Feeling tired all the time is what COPD patients call normalcy. Because their bodies have to work harder to breathe, people with COPD are exhausted every single day. A study published in the journal Chest found that people with COPD who complained of feeling fatigued tended to have impaired lung function.
If you’re constantly tired, and you don’t really know why, as you’re not a sports enthusiast, maybe it’s time to talk to your doctor; you may need to talk to a pulmonologist too. And even if you just got back from your check-up and everything seems fine with your lungs, chronic fatigue is not normal! Identify the root cause in order to treat it accordingly.
Have you ever heard of a barrel chest? It is a physical condition that describes the swelling of the chest. It was named “barrel chest” because, when swollen, the torso looks similar to a barrel. In general, people who have barrel chests are in the late stage of the disease.
Having a barrel chest is basically the result of lungs that are filled up with air and you can’t exhale. Barrel chest can also be caused by emphysema (a condition caused by smoking), brittle bone disease, and acute bronchitis. If you feel like you can’t get the air out of your lungs, head to the hospital immediately.
Mood and memory issues
When left untreated, the chronic obstructive pulmonary disease can lead to memory and mood problems. This could appear due to the lack of oxygen supply to the brain. Sadly, mood and memory issues are common symptoms of many medical issues.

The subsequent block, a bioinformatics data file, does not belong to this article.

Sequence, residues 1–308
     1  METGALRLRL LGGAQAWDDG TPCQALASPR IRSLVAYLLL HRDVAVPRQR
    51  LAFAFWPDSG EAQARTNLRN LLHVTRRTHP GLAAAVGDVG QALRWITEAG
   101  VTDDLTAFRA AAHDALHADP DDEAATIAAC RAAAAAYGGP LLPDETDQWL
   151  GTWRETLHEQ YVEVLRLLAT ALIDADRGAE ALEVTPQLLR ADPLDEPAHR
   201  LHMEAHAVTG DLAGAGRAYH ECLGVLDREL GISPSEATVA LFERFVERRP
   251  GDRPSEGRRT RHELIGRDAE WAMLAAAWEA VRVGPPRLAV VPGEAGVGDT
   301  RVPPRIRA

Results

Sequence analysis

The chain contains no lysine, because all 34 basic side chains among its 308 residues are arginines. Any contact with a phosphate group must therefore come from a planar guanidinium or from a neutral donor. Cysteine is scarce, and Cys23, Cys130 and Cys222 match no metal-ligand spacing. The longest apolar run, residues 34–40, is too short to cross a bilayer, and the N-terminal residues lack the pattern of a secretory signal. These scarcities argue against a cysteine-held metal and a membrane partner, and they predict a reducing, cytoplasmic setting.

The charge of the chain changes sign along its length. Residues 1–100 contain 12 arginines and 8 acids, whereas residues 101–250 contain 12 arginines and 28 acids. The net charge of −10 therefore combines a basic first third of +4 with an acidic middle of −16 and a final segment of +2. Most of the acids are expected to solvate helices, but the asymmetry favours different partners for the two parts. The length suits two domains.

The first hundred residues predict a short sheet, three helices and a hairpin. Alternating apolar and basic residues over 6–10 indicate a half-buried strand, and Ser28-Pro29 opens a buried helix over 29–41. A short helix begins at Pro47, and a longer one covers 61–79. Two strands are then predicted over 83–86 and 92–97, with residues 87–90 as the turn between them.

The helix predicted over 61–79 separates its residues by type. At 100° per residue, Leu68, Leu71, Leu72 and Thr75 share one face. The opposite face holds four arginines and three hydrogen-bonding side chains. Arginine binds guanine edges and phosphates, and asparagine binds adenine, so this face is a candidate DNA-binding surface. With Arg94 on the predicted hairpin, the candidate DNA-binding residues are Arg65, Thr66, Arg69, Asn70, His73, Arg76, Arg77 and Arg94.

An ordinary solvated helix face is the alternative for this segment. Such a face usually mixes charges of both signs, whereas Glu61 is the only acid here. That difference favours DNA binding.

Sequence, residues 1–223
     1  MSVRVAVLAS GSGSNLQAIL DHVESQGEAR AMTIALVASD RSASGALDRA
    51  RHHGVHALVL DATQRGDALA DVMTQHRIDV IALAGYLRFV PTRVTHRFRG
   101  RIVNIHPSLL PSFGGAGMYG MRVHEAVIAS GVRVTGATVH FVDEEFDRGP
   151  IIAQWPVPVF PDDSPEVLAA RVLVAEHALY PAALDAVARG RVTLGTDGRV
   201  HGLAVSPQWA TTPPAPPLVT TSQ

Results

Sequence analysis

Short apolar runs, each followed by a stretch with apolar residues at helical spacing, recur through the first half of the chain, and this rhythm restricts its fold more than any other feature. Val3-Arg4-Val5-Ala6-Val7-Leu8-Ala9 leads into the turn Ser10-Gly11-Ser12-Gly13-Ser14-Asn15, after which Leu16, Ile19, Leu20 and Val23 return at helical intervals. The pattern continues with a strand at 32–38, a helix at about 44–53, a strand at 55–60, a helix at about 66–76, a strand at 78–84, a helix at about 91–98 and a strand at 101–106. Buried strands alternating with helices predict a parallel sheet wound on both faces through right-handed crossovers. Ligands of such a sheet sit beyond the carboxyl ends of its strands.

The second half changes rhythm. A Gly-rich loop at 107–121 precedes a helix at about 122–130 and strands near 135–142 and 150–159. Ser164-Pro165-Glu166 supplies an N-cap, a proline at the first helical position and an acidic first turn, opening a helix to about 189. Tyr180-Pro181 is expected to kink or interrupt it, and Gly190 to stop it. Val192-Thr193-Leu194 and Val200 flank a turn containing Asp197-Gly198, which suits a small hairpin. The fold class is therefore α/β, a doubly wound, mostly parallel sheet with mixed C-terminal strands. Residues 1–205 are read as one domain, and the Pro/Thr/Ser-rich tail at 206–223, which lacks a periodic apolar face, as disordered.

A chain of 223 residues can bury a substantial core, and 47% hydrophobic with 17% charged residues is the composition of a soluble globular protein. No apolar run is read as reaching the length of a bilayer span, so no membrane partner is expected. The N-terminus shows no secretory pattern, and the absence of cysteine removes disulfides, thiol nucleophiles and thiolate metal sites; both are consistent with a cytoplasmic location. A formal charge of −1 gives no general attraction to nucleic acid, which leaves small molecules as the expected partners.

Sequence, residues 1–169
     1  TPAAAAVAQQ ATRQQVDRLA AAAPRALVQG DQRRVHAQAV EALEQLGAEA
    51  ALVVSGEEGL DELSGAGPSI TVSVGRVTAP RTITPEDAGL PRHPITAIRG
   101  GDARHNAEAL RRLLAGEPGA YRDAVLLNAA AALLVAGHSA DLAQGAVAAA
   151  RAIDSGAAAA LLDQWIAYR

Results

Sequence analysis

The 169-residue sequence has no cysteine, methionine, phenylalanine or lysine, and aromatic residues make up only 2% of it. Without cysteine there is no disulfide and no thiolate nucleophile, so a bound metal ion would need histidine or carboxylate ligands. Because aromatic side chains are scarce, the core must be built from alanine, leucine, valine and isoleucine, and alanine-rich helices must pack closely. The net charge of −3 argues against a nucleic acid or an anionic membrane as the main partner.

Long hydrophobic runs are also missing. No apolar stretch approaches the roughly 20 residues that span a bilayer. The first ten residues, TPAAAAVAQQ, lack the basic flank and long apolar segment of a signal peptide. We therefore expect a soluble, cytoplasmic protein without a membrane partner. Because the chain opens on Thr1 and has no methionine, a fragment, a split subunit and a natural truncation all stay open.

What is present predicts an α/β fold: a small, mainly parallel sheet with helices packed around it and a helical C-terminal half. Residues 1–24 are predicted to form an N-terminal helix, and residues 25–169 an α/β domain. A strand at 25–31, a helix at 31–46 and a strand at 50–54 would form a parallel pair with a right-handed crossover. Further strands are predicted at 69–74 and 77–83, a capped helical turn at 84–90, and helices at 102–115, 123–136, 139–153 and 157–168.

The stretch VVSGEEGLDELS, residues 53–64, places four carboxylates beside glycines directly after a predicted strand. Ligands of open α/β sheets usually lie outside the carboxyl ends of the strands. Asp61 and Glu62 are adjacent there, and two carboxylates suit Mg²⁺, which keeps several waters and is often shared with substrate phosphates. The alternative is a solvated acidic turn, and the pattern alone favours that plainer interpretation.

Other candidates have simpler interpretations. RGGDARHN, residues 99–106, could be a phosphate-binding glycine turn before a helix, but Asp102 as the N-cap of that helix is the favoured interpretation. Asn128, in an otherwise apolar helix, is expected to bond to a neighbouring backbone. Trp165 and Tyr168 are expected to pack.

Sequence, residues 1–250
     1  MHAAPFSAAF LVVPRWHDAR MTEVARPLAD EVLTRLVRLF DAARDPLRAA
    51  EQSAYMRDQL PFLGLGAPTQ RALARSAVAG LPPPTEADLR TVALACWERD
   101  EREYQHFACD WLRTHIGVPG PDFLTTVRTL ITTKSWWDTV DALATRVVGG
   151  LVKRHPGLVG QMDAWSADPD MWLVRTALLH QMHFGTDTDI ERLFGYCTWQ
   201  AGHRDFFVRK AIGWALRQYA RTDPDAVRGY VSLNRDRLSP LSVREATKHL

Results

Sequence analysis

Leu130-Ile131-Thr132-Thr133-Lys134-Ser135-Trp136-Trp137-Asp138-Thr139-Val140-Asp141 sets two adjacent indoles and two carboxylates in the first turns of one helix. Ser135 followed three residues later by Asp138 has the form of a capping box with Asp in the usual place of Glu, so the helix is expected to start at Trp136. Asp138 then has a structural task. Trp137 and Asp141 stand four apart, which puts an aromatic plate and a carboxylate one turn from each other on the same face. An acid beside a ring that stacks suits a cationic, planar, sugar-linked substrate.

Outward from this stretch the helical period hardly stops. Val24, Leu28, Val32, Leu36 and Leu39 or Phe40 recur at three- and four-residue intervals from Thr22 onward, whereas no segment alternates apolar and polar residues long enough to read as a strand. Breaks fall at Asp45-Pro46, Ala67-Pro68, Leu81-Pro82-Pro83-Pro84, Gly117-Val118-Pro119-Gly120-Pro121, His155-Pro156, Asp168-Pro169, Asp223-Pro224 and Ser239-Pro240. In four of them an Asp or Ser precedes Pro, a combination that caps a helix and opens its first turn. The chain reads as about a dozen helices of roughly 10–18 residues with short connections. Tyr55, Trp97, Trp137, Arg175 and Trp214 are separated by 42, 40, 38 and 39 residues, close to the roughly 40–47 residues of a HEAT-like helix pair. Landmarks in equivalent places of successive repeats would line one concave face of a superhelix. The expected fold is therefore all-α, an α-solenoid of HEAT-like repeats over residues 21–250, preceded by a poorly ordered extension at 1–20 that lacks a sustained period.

One thing is certain: Around 40 percent of people with COPD are depressed. And while this percentage may come from the emotional impact of knowing you have a chronic condition, a lack of oxygen may also cause mood changes, as studies suggest.
If you’re feeling depressed lately and you can’t really blame it on something, talk to a professional.
Unexplained weight loss
Well, I think weight loss is a good reason to celebrate for most of us, but if you didn’t do anything to achieve it, don’t celebrate “your victory,” at least not yet. Why? Because approximately a quarter of people with COPD experience unintentional weight loss.
People with COPD may also find it hard to maintain a healthy weight. Unexplained weight loss is more common in people with emphysema-type COPD. As doctors suggest, weight loss caused by COPD is a result of muscle atrophy and underlying depression, which causes a loss of appetite.
Increased energy expenditure associated with breathing is also a culprit. So, if you’re not on a weight loss diet, and yet you see smaller numbers on the scale, talk to your doctor ASAP.
This book might be helpful if you want to learn more about COPD.
You should also check out: 7 Common Foods That Might Devastate Your Blood Pressure